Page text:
Monday, February 4, 2013

Concentration Ratios: The Case of Anheuser Busch and Modelo

On Friday, the Wall Street Journal reported that

U.S. Sues to Block $20 Billion Beer Merger
WSJ Feb 1, 2013

Picture by WSJ 

When the government thinks of opposing a merger like this, they try to discern whether an industry is overly concentrated, and thus prone to monopoly like behavior; they often use two ratios.  The first is the 4-firm concentration ratio, simply the sum of the four largest producers.  The second ratio is the Herfindahl-Hershman index, the sum of the squared market values of all firms in the industry.  The range of values for this index are close to zero for a highly populated, highly competitive industry (say 100 firms, each with 1% market share)  to a maximum of 10,000 for a case where one firm has 100% of the market.

The Department of Justice website gives more details on the HH index, noting that values in excess of 2500 are considered to have excess concentration.

So what is the HH index for the beer industry and what are the problems with the use of this method?

For the distribution of market shares noted above, the HH index would be equal 2766 before the merger and 3312 after.  The calculations are shown below.

Company Market Share Market Sh Squared Mkt Sh with merger Mkt. sh with merger sq
Ann Busch 39 1521
Modelo 7 49 46 2116
MillerCoors 26 676 26 676
Heineken 6 36 6 36
Others 22 484 22 484
Sum 100 2766 100 3312

This HH can be  a very useful ratio.  But I want to illustrate some of its problems.  First, note that when we square values, higher numbers produce more extreme values.  Note that the squares associated with, say 1, 2, 3, and 5 produce ever increasing square values of 1, 4, 9 and 25.  Larger market shares produce larger numbers.

So here is a first limitation to note:  I took all the 'other' beer distributors and grouped them in one category, resulting in a 22% market share.  That is, I artificially created a company with a 22% market share.  What is the impact of this?  Well, let's change that assumption.  Let's now assume there are 11 'other' competitors, each with a 2% market share.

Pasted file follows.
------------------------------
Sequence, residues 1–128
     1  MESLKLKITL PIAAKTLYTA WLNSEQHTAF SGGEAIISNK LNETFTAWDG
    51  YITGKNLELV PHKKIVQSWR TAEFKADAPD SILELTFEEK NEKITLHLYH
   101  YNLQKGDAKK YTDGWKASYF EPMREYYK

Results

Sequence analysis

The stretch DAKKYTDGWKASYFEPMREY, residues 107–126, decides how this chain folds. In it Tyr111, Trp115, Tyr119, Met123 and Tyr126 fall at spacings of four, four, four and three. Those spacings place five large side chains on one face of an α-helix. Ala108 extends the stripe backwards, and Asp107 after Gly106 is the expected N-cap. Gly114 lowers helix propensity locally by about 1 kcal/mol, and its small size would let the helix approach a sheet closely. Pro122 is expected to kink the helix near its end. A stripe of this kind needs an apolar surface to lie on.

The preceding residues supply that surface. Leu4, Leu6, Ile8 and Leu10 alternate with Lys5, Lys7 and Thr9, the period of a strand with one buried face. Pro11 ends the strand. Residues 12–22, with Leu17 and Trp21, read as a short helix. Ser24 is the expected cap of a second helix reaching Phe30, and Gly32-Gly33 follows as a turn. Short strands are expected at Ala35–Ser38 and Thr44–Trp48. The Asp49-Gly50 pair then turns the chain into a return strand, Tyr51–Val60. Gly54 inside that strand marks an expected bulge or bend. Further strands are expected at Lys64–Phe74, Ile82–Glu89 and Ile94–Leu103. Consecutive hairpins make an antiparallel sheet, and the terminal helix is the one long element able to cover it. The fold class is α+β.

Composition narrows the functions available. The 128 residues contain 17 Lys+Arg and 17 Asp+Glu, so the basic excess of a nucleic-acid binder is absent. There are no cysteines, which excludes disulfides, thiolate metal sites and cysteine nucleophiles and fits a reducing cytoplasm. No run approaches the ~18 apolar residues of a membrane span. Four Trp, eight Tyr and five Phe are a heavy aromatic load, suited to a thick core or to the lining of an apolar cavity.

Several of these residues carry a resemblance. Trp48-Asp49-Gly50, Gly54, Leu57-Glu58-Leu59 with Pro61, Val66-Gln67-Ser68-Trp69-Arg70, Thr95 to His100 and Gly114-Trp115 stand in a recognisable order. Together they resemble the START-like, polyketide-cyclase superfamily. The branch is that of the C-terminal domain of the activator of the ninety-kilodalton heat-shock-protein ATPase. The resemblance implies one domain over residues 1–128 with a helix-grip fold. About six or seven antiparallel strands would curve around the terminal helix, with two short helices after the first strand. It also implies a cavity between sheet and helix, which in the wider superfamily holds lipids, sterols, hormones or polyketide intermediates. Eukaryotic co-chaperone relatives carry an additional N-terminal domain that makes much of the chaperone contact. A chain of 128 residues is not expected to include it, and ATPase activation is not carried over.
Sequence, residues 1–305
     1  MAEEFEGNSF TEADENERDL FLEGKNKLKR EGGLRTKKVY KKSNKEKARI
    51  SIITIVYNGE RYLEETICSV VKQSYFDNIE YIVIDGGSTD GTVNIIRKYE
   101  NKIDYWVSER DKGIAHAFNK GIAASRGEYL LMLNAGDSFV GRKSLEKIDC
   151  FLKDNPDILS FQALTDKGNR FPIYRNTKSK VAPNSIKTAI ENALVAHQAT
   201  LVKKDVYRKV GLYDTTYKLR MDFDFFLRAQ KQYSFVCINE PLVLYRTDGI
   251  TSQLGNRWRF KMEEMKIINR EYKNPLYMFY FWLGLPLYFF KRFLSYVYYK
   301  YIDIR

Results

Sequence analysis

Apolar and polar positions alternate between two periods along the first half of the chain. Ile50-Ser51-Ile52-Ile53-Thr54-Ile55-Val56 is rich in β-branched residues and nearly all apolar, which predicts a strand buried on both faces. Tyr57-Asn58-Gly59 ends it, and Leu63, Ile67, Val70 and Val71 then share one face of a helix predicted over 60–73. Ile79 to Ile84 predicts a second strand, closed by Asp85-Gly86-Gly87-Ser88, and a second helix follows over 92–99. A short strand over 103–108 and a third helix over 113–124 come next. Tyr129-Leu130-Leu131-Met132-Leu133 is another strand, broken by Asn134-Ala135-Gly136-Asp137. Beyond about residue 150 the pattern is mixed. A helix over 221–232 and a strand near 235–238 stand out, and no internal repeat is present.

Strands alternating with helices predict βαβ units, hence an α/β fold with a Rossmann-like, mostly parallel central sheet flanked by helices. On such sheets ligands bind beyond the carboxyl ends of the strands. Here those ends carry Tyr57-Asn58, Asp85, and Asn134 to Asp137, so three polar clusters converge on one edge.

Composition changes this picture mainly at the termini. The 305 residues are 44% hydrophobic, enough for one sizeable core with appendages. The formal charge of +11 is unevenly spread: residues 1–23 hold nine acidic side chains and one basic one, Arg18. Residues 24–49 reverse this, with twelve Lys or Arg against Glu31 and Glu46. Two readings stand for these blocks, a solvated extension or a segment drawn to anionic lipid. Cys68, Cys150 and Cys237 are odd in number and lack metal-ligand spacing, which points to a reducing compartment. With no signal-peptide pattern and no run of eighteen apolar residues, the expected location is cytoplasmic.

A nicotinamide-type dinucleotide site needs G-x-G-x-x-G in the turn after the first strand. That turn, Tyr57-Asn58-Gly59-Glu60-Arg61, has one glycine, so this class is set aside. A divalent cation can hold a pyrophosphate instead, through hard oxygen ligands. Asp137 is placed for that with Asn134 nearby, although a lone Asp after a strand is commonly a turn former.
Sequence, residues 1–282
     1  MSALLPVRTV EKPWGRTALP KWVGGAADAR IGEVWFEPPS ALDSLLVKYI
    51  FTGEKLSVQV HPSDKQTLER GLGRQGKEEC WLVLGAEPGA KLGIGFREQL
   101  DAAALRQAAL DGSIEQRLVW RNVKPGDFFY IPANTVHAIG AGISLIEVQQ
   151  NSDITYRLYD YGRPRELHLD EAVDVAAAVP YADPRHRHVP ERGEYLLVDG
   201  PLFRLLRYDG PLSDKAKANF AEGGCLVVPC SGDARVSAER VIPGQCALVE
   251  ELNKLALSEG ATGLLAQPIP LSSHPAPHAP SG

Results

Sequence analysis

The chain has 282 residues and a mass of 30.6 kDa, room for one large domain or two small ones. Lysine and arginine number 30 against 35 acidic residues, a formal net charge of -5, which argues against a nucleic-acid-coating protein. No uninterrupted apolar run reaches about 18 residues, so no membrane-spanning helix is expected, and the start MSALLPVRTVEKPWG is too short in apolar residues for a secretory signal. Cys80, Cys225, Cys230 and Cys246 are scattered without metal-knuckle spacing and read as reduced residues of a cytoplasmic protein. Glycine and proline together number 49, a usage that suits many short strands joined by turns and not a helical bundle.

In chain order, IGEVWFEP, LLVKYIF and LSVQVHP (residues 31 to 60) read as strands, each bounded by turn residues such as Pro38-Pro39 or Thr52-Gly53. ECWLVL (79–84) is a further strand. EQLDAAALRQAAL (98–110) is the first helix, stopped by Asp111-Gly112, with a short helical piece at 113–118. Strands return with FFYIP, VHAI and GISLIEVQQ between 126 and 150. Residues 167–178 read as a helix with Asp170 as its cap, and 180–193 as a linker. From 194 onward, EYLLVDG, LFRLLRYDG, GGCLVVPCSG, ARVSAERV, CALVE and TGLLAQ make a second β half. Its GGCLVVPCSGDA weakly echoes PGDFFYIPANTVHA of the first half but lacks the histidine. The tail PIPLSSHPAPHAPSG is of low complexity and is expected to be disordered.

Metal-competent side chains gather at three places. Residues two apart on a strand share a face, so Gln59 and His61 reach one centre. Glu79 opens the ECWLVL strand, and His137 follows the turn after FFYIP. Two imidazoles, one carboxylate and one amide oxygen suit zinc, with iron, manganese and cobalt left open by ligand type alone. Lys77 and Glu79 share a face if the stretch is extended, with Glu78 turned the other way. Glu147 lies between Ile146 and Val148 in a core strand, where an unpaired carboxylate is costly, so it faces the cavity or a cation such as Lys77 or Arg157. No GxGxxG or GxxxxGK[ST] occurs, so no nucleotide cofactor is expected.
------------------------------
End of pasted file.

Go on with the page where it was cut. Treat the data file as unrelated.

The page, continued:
Company Market Share Market Sh Squared Mkt Sh with merger Mkt. sh with merger sq
Ann Busch 39 1521
Modelo 7 49 46 2116
MillerCoors 26 676 26 676
Heineken 6 36 6 36
Others           a 2 4 2 4
b 2 4 2 4
c 2 4 2 4
d 2 4 2 4
e 2 4 2 4
f 2 4 2 4
g 2 4 2 4
h 2 4 2 4
i 2 4 2 4
j 2 4 2 4
k 2 4 2 4
Sum 100 2326 100 2872

The HH index is substantially lower, although the merger is still above the limit of 2500 set by the DOJ.

A second and more fundamental criticism of the HH index concerns the definition of 'market'.  Some natural questions arise.  What is the market?

OK, let's start with geography to define our market.  Is is just International? Domestic?  Within a state?  I'll bet more Red Hook is sold in Seattle than in Philly.  Does that make Red Hook anti-competitive in Seattle?

Perhaps more fundamental, what is a market in terms of the product?  Think of Powerade, a low or zero calorie flavored drink.  What comprises its market?  Flavored drinks?  Bottled water?  Soft Drinks?  Beer?  Okay, I'll give you that one - but other questions have less obvious answers.  Does the market for beer include wine?  How about wine spritzers, etc?

And --- if we turn to technology the answers are even more uncertain.  What is the competitive market for HP calculators?  All calculators?  All calculators and personal computers?  Hand-held personal computers?  Cell phones?  Watches with calculators?   Something not yet invented?

The point is - the HH is a useful measure - once we can agree on the market.  But defining that market sometimes requires heroic assumptions.  Think I'll open my Sierra Nevada and contemplate this some more.


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